Almost everyone who wrote about the 2016 and 2020 elections said that Donald Trump appealed to the "white working class." In the Washington Post, Nicholas Carnes and Noam Lupu argue that almost everyone was wrong: the headline is "Trump didn’t bring White working-class voters to the Republican Party. The data suggest he kept them away." A smaller heading under that says "White working-class voters had been moving to the Republican Party for years. Trump stopped the trend." Those headlines are a bit misleading (they were probably written by editors)--according to their figures, Trump's 2016 share of the white working class vote was the highest of any Republican in the period covered by their data (which in 1980), and his share in 2020 was the second highest. But his strong performance was just a continuation of a long-term trend--2016 and 2020 don't stand out as unusual.
I looked at this issue in a couple of posts, and said that there was a long-term trend in the effects of college education on vote, but that 2016 was unusual--Trump's relative performance among less educated voters was much better than any previous Republican. Why were my conclusions different? One difference is that I looked at relative performance--Carnes and Lupu looked at actual share of the "white working class" vote. Another is data sources--they used the American National Election Studies and I used exit polls. The ANES data are generally regarded as of higher quality (they are a national probability sample and have a high response rate) but the samples are smaller, so they are more affected by sampling error. Finally, Carnes and Lupu take account of both education and income: they define the working class as people without a college degree who are below the median income. Taking account of income is good, but cutting the size of the "working class" also means more sampling error. The result is that there's a good deal of noise in their estimates, making it harder to see if any election deviates from the trend.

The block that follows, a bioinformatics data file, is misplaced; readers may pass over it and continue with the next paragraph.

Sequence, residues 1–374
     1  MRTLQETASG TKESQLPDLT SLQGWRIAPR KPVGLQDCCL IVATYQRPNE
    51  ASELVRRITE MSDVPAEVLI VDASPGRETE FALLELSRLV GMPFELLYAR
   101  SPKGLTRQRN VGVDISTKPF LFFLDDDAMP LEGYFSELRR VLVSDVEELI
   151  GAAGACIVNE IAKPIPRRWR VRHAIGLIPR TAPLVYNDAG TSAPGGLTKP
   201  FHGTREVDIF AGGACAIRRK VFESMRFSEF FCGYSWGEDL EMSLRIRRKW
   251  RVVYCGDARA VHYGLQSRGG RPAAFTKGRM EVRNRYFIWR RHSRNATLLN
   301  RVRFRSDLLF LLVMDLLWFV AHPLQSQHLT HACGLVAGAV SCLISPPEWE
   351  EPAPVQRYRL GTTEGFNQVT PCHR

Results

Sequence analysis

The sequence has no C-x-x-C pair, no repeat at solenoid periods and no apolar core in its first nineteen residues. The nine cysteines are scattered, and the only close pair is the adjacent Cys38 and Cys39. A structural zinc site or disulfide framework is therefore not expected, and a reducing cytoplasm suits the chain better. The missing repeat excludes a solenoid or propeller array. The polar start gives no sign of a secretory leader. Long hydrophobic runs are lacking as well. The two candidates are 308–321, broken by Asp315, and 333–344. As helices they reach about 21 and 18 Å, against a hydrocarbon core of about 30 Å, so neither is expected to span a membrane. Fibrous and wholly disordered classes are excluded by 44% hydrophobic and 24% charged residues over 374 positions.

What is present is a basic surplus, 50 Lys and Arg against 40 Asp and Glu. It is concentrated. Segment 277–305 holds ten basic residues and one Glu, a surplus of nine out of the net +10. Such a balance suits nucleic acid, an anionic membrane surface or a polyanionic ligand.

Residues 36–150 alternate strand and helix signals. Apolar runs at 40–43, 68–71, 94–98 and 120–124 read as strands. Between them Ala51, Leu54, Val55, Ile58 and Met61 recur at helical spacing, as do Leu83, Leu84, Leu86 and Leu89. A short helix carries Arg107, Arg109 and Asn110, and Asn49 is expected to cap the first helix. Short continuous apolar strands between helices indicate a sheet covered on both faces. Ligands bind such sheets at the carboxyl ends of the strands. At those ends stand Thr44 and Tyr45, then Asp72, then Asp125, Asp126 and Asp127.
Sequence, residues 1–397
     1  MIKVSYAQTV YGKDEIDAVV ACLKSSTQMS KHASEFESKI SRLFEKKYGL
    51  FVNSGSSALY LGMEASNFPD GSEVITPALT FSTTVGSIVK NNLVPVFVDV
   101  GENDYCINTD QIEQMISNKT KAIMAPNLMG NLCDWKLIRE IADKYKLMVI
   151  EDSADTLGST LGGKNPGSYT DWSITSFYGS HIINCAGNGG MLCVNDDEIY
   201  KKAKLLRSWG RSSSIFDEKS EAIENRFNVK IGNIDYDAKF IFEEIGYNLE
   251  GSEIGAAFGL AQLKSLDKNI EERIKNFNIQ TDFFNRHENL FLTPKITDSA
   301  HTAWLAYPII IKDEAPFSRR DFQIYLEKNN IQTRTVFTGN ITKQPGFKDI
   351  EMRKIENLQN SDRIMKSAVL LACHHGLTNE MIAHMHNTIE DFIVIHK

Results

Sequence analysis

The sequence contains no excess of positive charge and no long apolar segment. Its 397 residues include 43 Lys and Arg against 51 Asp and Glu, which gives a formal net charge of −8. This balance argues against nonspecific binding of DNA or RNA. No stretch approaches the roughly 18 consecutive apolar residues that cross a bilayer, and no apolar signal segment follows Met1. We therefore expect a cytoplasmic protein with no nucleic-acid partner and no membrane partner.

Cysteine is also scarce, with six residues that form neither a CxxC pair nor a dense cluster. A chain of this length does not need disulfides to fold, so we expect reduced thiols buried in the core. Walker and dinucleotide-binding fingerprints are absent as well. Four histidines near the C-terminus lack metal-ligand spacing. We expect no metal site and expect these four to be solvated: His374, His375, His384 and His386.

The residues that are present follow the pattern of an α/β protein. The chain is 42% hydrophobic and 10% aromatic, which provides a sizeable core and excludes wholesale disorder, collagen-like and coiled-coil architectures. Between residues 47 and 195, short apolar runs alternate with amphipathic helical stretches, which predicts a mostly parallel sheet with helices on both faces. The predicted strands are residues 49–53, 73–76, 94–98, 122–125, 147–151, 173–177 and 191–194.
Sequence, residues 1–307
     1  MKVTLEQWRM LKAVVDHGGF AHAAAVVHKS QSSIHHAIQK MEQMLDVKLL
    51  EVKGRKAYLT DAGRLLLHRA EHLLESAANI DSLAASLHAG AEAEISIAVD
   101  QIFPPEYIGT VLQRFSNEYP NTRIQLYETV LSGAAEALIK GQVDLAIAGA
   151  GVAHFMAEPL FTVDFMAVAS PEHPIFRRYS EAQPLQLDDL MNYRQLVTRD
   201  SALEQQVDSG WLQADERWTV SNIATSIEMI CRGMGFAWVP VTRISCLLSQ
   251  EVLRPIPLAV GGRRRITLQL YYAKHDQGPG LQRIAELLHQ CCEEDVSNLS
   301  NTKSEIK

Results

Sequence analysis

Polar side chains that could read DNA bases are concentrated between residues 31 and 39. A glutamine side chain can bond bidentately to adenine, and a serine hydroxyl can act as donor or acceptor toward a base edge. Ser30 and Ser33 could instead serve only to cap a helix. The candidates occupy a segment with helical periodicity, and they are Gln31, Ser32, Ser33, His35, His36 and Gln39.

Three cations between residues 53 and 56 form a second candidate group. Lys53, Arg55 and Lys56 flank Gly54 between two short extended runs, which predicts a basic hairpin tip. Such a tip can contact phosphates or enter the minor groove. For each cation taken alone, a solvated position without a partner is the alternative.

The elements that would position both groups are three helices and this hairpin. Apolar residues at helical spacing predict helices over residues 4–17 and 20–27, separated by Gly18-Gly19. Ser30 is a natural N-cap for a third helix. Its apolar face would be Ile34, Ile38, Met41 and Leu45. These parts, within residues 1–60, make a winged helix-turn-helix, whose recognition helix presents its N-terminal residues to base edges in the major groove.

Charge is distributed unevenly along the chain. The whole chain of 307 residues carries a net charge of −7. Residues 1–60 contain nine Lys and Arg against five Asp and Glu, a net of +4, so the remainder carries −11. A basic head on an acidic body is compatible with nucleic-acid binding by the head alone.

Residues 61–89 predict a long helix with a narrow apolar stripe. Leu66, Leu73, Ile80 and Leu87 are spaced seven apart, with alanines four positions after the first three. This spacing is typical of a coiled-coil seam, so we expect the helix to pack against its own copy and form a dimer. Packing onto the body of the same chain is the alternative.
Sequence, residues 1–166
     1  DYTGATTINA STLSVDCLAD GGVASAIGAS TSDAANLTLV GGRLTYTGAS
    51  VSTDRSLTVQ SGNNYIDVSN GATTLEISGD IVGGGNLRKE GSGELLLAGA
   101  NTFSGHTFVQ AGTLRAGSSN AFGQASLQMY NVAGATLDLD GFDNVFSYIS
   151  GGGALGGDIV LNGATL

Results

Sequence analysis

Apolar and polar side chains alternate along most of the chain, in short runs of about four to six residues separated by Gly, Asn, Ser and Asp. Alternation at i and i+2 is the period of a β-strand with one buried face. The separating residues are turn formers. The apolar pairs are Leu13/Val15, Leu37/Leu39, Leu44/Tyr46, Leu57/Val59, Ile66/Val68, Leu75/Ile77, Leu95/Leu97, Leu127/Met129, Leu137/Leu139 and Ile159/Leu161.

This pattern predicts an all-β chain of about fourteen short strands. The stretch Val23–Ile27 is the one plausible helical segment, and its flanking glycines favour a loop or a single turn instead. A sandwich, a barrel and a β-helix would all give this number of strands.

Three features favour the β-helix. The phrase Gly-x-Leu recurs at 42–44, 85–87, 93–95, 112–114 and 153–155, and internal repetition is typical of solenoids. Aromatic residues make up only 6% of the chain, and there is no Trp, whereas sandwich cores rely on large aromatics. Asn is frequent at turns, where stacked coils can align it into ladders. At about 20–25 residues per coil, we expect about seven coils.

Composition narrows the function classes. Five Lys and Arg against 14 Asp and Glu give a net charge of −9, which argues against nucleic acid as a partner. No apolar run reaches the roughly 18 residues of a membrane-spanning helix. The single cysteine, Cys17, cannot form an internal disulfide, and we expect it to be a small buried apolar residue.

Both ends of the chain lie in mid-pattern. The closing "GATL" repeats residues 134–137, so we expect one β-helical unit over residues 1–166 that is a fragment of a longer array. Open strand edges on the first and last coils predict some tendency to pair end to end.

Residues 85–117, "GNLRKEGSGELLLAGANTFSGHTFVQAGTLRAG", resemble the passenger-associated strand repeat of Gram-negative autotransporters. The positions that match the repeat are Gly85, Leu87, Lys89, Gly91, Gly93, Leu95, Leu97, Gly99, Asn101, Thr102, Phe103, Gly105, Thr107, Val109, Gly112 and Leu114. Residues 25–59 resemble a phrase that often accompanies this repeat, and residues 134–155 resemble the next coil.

An alternative way to take about of both income and education is to estimate the effects of both together. I did this using the General Social Survey, partly because the samples are usually larger, but mostly because I'm more familiar with that data set. I did logistic regressions of Democratic vs. Republican votes (omitting third parties) on a dummy variable for college graduates vs. all others and the logarithm of household income (adjusted for inflation). The estimated effects of college degree: